1. The Dutch Senate is currently scheduled to debate both the remote gaming bill and casino reform bill on February 5. A final vote on the two bills is expected a week later on February 12. What can we expect?

As the remote gaming bill and casino reform bill have already been adopted by the Dutch Lower House – in July 2016 and January 2017, respectively – assent by the Senate would mean that both bills would become law. This, in turn, would mean a) the legalization and regulation of remote gaming in the Netherlands; and b) the privatization and partial break-up of state-owned Holland Casino, the sole operator allowed to offer land-based casino table games in the country.

Although the outcome of the Senate vote is not yet entirely certain, the fact that the Ministry of Justice and Security allowed the legislative process to move forward (by sending out its final answers to written questions tabled by the Senate), indicates that the government believes it now has the votes to pass both bills.

2. When will the Dutch remote market open? When will Holland Casino be privatized?

In the Netherlands, as a rule of thumb, new laws become operative roughly eighteen months after adoption by Parliament. More specifically, in the case of the remote gaming bill, there are quite a few things that still need to happen. For instance, both the Lower House and Senate will need to be consulted on the secondary legislation, while the Netherlands Gaming Authority also needs to conduct a public consultation on the licensing procedure.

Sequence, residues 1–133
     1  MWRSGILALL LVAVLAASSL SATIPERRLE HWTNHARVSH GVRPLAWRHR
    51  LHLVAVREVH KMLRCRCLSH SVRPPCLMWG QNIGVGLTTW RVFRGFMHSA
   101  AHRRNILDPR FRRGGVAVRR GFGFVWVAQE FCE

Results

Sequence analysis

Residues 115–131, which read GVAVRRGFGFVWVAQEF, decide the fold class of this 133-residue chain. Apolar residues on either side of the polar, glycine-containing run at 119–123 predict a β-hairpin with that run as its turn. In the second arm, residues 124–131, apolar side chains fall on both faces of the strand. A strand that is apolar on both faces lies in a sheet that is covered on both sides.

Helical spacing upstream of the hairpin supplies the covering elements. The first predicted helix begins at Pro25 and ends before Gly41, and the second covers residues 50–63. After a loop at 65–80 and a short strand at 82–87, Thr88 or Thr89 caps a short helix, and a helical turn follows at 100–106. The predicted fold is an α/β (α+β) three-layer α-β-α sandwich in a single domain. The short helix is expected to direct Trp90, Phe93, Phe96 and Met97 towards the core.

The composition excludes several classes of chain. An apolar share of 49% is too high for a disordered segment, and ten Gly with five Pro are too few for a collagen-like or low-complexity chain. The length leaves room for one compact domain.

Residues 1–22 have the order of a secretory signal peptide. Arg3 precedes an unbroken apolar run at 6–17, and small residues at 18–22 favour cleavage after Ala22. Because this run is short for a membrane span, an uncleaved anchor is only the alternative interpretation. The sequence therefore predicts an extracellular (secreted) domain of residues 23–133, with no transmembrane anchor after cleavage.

Thus, the best-case scenario is that the licensing window for remote operators opens in the second half of 2020, with the actual market opening following in January 2021. Due to limited capacity at the Gaming Authority, the opening of the re-regulated land-based market will have to wait at least another six months after that.

3. How attractive will be the Dutch online market be?

Operators looking to enter the Dutch online market will be facing high tax rates (29% of GGR + 2% additional levies) and significant regulatory burdens. Operators will furthermore need to make considerable investments. The initial, one-off costs for an online license alone will amount to €800,000, while licensed operators will also be expected to offer Dutch-speaking customer support that is available 24/7. Only large, well-established, and well-funded parties are expected to be able to fulfill the proposed license conditions. Smaller and newer operators will definitely be at a disadvantage.

While, at first glance, the Dutch online market does not promise to be particularly appealing, prospective operators should also note that the Netherlands can boast of one of the highest internet penetration rates in the world, while the Netherlands also ranks fifth among the EU28 in GDP per capita – well ahead of Germany, France, and the UK. These statistics will make the Netherlands hard to overlook for operators looking to expand in regulated markets.